The no-frills airline revolution
Using low-cost carriers you can now fly across a continent often for as little as $20 each way. Viva la revolucion!
EasyJet and other no-frills carriers are quickly becoming the fastest, easiest, and cheapest way to connect Point A and Point B all around the world.
The rapid growth of no-frills airlines is pealing a death knell for the bloated, corporate airlines that have, for decades, overcharged us.
The harbingers of this revolution are the Low-Cost Carriers (LCCs), a.k.a. No-Frills Airlines.
They have names like JetBlue and Southwest, Ryanair and easyJet, Tiger and Bangkok Air.
And they charge as little as twenty bucks per flight, taxes included.
OK, so $20 is at the low end of things. But the average fare is something like $80, and tickets almost never top $199—they rarely even get close.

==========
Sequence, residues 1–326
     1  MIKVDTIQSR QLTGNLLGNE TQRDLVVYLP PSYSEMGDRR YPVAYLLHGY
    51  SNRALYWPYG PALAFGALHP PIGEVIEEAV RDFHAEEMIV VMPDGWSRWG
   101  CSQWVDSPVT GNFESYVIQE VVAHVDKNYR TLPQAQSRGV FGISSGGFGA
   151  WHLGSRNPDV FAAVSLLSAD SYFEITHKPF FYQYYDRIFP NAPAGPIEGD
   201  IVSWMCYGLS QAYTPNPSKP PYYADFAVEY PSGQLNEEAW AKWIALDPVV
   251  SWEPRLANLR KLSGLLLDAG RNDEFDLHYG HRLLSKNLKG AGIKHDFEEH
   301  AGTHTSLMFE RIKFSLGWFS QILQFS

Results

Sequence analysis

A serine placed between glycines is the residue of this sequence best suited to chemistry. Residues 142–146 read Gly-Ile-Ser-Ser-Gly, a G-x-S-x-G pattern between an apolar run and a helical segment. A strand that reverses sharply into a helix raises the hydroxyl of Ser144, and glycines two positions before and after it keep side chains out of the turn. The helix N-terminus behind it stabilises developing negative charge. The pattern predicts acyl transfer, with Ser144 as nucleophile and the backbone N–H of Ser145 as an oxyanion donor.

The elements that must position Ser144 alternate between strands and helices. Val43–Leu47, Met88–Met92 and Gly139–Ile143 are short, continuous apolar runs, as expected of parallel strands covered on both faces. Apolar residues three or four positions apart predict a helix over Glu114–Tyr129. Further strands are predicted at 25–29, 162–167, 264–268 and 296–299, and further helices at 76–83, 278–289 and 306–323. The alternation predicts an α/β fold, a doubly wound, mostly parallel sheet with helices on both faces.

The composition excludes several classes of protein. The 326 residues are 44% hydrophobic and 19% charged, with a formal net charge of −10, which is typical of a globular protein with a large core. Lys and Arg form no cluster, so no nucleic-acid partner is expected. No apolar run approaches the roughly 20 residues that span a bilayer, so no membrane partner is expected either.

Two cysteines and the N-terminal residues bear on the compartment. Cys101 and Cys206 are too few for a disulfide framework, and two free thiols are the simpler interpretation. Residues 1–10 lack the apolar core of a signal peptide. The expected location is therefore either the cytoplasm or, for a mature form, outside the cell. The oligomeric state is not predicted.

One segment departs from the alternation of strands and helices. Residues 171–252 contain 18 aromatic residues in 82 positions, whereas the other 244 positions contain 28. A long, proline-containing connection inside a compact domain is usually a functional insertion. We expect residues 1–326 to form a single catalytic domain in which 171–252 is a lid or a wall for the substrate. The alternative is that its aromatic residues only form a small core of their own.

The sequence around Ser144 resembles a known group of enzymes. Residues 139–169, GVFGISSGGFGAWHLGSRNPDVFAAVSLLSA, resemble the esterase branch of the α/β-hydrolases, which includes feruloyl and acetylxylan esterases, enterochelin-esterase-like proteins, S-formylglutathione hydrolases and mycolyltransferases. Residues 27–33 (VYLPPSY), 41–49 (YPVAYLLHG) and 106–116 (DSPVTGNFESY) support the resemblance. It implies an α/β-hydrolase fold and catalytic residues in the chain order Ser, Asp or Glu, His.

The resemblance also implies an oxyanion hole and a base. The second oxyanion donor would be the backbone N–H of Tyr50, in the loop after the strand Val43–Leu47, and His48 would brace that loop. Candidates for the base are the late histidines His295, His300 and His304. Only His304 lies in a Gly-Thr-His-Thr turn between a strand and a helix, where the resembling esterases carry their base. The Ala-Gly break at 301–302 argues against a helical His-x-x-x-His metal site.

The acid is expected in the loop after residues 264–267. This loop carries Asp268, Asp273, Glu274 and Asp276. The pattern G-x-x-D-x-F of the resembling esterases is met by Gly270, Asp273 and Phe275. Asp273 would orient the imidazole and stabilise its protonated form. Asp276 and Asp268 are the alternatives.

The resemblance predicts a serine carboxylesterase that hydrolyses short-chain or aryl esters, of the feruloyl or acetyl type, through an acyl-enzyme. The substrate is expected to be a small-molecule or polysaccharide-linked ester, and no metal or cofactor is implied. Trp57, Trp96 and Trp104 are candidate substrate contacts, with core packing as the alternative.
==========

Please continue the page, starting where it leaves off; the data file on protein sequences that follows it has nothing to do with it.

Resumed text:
Some of these low-cost carriers are as "no-frills" as their nickname implies: little more than flying buses, with no assigned seating, in-flight entertainment, or even free grub—if you've ever flown Southwest, you know what I mean. Though, of course, these days even some traditional airlines are making you pay for the awful food, and to "rent" a pair of $5 headphones so you can watch the lousy movie.
On the other hand, a few LCCs offer you a rather posher experience than you'd get, at least in coach, on most traditional "legacy airlines"—think of the wide leather seats, ample legroom, and individual seat back screens featuring DirectTV aboard a JetBlue plane.
On the following pages, you'll find the best no-frills strategies for making use of these new inexpensive airlines, as well as links to resources listing the current crop of LCCs around the globe, from 30-plus-year veterans like Southwest in the USA, to the successful young turks like Europe's easyJet and Ryanair, and the new frontier of upstarts in Asia, Australia, and elsewhere.
It's a brave new world of far cheaper airline tickets out there. Happy flying!
Resources for finding and booking no-frills airlines >>